A British Man Has Been Convicted Of Rape After Removing A Condom During Sex

He has been sentenced to 12 years.


by Georgia Aspinall |

On Tuesday, Lee Hogben, a 35-year-old man from Bournemouth, was sentenced to 12 years in prison after raping a woman in a hotel when he chose to remove the condom being used during sex. This comes months after a landmark case in Germany found a police offer guilty of sexual assault for the same crime, known popularly as stealthing.

The case saw a victim impact statement read aloud by the prosecuting lawyer, Jodie Mitchell, who explained that as her client was a sex worker, conditions of intercourse were agreed beforehand and advertised on her website. For her services, of which Hogben agreed to pay for two hours but left without paying after attacking her, she specifically states online that protection must be used at all times during sex.

‘Hogben went beyond what was consented to by removing the protection, which the complainant will say was a condition of intercourse,’ the court heard from Mitchell, 'She repeatedly protested, “I don't do that - please, no”. She tried to wriggle away but he told her to stop. He told her he had beaten people up and robbed people.'

After going to the police, Hogben was then arrested on suspicion of rape and forensic tests taken matched his DNA to a probability of one in a billion. After the complaint was made, he sent threatening messages to the woman, stating that he would kill her grandparents and have her ‘head smashed in’.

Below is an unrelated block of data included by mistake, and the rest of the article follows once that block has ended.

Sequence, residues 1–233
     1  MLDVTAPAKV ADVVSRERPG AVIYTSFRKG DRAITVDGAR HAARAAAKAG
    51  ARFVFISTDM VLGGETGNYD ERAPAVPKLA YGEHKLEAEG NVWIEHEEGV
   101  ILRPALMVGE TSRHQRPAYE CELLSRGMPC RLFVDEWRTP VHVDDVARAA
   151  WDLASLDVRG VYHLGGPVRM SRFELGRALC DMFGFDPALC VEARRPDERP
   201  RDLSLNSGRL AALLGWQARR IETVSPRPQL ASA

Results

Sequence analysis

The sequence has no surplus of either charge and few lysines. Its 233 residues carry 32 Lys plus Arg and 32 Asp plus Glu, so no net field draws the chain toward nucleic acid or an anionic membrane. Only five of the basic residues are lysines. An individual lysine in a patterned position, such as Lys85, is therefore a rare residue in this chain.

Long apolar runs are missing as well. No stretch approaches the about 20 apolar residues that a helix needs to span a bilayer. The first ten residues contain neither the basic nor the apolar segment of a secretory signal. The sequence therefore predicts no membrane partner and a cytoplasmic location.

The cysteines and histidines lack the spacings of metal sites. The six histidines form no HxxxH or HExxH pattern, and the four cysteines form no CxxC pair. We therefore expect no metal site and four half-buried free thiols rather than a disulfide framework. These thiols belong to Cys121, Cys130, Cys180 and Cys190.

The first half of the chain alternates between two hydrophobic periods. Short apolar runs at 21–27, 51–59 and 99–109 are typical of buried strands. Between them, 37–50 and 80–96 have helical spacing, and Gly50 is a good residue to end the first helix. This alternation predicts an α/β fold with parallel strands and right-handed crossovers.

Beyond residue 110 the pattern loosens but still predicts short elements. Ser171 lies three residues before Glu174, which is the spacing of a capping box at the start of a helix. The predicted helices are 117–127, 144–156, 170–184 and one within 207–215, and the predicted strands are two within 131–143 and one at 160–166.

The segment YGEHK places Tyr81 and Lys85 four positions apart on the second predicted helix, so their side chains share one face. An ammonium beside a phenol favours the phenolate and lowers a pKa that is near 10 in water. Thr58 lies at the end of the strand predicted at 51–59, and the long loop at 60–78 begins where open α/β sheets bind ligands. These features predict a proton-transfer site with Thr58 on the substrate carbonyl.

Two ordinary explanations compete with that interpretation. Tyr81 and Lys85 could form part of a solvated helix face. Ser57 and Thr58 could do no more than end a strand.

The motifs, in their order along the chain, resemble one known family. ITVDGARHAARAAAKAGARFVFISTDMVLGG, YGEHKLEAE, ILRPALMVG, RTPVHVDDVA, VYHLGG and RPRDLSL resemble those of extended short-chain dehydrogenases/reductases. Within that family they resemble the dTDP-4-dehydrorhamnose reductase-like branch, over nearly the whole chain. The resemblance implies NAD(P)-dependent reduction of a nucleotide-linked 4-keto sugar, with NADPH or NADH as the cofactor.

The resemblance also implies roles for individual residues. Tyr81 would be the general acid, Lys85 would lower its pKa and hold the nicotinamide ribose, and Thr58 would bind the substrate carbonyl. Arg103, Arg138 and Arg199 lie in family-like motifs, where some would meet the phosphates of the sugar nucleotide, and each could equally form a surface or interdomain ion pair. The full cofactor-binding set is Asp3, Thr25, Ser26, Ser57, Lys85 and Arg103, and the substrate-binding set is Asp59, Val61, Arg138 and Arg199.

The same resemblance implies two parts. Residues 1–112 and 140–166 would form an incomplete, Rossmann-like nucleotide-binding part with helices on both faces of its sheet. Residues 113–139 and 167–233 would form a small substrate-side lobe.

Denying the charge of rape, he was later found guilty of rape and two counts of assault by trial and sentenced to 12 years - then threatening the sentencing judge saying ‘I’m coming for you. You’ll get a shotgun in the face at night.’ He plead guilty to threatening to destroy property, disclosing private photographs, making malicious communication to a second female victim – of which little is known - and breaching a restraining order.

With dozens of previous convictions for harassment, the case raises concerns for how protected sex workers are from men with criminal records. Given that the practice of selling sex is still illegal, thousands of women within the industry are left unprotected, subject to an unregulated industry that forces them to choose between their safety and reporting violence to the police. Many sex workers have to work alone, putting them in more dangerous situations, to avoid arrest.

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‘Hundreds of sex workers a year are arrested, raided, prosecuted and imprisoned,’ said Laura Watson, spokesperson for the English Collective of Prostitutes, ‘Brothel-keeping laws are most commonly used against women working together in premises for safety. This forces people to choose between working alone or breaking the law. At a time when unemployment, benefit cuts and sanctions, lowering wages, increased homelessness, and debt are forcing more women, particularly mothers, into prostitution, why are the police persecuting and criminalising women trying to earn a living.’

While this case shows promise for progress, in that the woman’s employment and sexual history was not used against her (a low standard, but alas progress nonetheless), it also raises concerns as to how stealthing would be convicted in cases where the intercourse was not a professional arrangement. With terms of consent agreed beforehand, and reiterated online, for formal sexual services, it’s questionable whether the same reasoning that convicted Hogben by trial would be applied where consent is not explicitly discussed beforehand, more typical for women not selling sex. We can only hope cases like this set a precedent for all women victim to this horrendous crime.

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